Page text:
### Figuring for Yourself

Estimate the amount of mass that is converted to energy when a proton combines with a deuterium nucleus to form ^{3}He.

How much energy is released when a proton combines with a deuterium nucleus to produce ^{3}He?

The Sun converts 4 × 10^{9} kg of mass to energy every second. How many years would it take the Sun to convert a mass equal to the mass of Earth to energy?

Assume that the mass of the Sun is 75% hydrogen and that all of this mass could be converted to energy according to Einstein’s equation *E* = *mc*^{2}. How much total energy could the Sun generate? If *m* is in kg and *c* is in m/s, then *E* will be expressed in J. (The mass of the Sun is given in Appendix E.)

In fact, the conversion of mass to energy in the Sun is not 100% efficient. As we have seen in the text, the conversion of four hydrogen atoms to one helium atom results in the conversion of about 0.02862 times the mass of a proton to energy. How much energy in joules does one such reaction produce? (See Appendix E for the mass of the hydrogen atom, which, for all practical purposes, is the mass of a proton.)

Now suppose that all of the hydrogen atoms in the Sun were converted into helium. How much total energy would be produced? (To calculate the answer, you will have to estimate how many hydrogen atoms are in the Sun. This will give you good practice with scientific notation, since the numbers involved are very large! See Appendix C for a review of scientific notation.)

Models of the Sun indicate that only about 10% of the total hydrogen in the Sun will participate in nuclear reactions, since it is only the hydrogen in the central regions that is at a high enough temperature. Use the total energy radiated per second by the Sun, 3.8 × 10^{26} watts, alongside the exercises and information given here to estimate the lifetime of the Sun. (Hint: Make sure you keep track of the units: if the luminosity is the energy radiated per second, your answer will also be in seconds. You should convert the answer to something more meaningful, such as years.)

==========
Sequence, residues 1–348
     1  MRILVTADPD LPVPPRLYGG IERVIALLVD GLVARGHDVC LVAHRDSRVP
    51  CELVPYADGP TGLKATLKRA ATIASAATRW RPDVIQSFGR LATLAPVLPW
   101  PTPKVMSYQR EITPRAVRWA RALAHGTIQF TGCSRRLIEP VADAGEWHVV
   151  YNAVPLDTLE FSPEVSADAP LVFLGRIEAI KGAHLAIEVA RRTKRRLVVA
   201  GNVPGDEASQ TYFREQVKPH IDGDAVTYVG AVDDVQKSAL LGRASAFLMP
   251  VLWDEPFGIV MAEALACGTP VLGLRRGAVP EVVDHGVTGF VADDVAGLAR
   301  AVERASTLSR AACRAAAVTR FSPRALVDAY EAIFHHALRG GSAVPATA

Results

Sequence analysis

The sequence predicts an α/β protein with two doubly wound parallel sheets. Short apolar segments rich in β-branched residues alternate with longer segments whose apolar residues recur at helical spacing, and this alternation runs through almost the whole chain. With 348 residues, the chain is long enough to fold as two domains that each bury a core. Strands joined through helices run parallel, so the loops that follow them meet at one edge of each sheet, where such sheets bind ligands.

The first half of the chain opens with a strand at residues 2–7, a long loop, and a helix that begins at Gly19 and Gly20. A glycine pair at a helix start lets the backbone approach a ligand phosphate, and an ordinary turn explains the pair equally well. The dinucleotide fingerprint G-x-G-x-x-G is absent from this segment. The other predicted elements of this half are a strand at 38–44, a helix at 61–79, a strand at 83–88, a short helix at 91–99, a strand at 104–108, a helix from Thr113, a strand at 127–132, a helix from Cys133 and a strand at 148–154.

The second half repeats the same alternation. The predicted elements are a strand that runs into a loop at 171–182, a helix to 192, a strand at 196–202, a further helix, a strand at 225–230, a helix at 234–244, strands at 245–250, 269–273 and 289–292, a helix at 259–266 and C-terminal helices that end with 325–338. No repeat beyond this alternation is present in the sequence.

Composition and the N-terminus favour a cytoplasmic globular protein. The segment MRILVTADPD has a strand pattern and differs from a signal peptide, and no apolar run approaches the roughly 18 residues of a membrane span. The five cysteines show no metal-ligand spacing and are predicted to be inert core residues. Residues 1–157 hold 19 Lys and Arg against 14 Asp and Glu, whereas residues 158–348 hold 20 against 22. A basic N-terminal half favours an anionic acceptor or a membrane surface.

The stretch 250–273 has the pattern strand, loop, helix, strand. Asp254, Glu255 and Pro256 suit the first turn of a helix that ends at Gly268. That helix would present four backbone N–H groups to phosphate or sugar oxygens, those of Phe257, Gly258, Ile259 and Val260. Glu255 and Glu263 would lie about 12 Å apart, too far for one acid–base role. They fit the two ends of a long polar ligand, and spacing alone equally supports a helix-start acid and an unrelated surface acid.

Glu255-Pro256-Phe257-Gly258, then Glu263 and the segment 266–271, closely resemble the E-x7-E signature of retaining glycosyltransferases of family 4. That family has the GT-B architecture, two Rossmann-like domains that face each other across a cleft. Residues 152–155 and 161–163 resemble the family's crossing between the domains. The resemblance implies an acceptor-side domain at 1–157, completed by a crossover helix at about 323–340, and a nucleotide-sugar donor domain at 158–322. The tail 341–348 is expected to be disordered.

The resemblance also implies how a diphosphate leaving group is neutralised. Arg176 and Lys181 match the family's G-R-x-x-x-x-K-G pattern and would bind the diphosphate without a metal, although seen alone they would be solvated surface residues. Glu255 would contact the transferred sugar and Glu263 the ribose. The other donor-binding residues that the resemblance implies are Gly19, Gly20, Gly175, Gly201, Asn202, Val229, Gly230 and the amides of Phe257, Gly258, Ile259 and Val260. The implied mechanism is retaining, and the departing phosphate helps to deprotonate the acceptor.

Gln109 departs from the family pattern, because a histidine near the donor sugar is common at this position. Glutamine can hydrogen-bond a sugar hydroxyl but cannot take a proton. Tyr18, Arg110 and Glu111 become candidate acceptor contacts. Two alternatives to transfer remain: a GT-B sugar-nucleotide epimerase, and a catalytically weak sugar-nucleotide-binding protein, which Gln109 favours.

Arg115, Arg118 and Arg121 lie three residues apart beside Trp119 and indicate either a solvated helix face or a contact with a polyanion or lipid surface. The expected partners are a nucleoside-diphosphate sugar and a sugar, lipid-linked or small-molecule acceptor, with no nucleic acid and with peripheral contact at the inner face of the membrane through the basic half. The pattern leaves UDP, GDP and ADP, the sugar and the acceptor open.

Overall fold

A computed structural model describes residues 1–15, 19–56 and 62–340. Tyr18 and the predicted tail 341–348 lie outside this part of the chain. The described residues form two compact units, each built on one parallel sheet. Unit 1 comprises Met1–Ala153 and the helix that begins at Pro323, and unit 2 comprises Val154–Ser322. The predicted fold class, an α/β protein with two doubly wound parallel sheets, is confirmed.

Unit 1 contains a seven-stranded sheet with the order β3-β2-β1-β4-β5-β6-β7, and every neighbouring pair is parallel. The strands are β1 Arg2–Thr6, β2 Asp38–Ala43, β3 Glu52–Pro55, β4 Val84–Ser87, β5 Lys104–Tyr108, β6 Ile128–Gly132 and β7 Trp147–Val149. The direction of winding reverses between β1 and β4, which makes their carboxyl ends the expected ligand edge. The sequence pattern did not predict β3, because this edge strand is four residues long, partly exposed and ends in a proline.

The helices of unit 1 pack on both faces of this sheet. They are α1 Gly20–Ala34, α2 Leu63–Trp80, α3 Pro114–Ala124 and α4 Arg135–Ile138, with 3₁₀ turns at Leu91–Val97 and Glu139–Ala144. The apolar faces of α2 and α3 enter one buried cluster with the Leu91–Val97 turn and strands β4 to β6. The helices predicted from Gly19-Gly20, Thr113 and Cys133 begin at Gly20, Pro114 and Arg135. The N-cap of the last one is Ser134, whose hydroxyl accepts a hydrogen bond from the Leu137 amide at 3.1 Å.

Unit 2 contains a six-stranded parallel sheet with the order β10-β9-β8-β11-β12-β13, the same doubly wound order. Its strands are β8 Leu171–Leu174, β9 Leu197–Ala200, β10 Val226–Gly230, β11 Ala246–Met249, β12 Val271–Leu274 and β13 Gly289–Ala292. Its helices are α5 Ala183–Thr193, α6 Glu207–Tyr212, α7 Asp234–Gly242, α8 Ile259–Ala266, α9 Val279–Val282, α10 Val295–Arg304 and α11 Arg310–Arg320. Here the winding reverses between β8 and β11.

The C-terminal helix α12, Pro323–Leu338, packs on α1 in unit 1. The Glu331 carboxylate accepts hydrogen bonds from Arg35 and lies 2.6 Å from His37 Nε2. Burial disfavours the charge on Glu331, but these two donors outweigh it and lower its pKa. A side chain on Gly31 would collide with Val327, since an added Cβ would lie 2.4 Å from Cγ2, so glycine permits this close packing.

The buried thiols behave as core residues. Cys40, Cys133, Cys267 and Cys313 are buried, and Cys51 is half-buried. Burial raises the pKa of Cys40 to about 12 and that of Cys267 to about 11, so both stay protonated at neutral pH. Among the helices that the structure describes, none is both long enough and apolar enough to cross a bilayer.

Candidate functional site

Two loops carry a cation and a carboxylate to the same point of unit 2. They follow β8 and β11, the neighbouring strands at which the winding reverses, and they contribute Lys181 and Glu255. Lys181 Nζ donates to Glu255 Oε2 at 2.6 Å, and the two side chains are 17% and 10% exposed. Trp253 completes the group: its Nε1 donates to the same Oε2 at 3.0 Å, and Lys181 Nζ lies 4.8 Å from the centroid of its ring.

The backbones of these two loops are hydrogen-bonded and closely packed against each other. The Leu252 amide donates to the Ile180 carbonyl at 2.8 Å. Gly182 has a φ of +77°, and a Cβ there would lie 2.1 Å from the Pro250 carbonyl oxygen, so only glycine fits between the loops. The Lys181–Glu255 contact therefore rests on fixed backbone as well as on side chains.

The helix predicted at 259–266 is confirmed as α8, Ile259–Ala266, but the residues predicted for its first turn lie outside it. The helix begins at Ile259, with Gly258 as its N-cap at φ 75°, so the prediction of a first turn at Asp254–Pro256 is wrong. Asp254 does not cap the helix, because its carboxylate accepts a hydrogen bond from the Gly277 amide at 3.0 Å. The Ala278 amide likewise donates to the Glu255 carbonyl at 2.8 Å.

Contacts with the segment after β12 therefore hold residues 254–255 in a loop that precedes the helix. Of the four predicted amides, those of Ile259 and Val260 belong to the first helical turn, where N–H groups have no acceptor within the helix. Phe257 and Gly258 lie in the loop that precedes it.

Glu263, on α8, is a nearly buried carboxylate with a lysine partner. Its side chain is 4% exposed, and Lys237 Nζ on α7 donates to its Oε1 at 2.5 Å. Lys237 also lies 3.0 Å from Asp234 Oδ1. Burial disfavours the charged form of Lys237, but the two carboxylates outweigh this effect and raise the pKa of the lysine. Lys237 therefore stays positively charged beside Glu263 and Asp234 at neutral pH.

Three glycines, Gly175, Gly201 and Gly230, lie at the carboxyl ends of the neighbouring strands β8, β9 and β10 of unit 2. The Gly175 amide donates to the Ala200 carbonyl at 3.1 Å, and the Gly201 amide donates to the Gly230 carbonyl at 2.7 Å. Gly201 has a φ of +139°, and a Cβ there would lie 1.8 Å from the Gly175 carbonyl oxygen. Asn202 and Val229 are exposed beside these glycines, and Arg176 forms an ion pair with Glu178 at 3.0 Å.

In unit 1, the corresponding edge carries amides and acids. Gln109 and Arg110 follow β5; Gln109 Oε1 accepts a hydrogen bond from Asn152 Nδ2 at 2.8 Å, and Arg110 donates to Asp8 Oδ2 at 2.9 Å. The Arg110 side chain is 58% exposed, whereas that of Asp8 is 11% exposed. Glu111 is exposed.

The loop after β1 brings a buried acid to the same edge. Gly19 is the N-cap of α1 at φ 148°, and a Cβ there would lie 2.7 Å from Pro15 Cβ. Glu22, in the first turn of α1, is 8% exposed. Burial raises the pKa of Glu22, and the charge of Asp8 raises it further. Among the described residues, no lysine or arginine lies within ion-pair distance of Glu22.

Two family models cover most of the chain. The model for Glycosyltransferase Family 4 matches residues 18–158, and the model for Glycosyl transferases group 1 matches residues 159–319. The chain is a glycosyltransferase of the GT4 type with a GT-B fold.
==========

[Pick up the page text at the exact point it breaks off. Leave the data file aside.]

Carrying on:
Show that the statement in the text is correct: namely, that roughly 600 million tons of hydrogen must be converted to helium in the Sun each second to explain its energy output. (Hint: Recall Einstein’s most famous formula, and remember that for each kg of hydrogen, 0.0071 kg of mass is converted into energy.) How long will it be before 10% of the hydrogen is converted into helium? Does this answer agree with the lifetime you calculated in Exercise 16.35?

Every second, the Sun converts 4 million tons of matter to energy. How long will it take the Sun to reduce its mass by 1% (the mass of the Sun is 2 × 10^{30} kg)? Compare your answer with the lifetime of the Sun so far.

Raymond Davis Jr.’s neutrino detector contained approximately 10^{30} chlorine atoms. During his experiment, he found that one neutrino reacted with a chlorine atom to produce one argon atom each day.

- How many days would he have to run the experiment for 1% of his tank to be filled with argon atoms?
- Convert your answer from A. into years.
- Compare this answer to the age of the universe, which is approximately 14 billion years (1.4 × 10
^{10}y). - What does this tell you about how frequently neutrinos interact with matter?